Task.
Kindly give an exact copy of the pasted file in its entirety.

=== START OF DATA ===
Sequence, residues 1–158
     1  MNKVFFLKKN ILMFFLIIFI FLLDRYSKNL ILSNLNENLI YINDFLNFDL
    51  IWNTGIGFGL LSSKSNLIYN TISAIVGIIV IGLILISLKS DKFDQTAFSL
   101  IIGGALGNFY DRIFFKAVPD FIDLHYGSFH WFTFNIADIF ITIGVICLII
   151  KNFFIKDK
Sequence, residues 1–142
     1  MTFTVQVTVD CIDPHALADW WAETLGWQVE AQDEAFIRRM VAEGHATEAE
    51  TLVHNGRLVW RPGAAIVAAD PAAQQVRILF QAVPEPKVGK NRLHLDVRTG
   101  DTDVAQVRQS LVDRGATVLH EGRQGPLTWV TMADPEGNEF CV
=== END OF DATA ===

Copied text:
Sequence, residues 1–158
     1  MNKVFFLKKN ILMFFLIIFI FLLDRYSKNL ILSNLNENLI YINDFLNFDL
    51  IWNTGIGFGL LSSKSNLIYN TISAIVGIIV IGLILISLKS DKFDQTAFSL
   101  IIGGALGNFY DRIFFKAVPD FIDLHYGSFH WFTFNIADIF ITIGVICLII
   151  KNFFIKDK
Sequence, residues 1–142
     1  MTFTVQVTVD CIDPHALADW WAETLGWQVE AQDEAFIRRM VAEGHATEAE
    51  TLVHNGRLVW RPGAAIVAAD PAAQQVRILF QAVPEPKVGK NRLHLDVRTG
   101  DTDVAQVRQS LVDRGATVLH EGRQGPLTWV TMADPEGNEF CV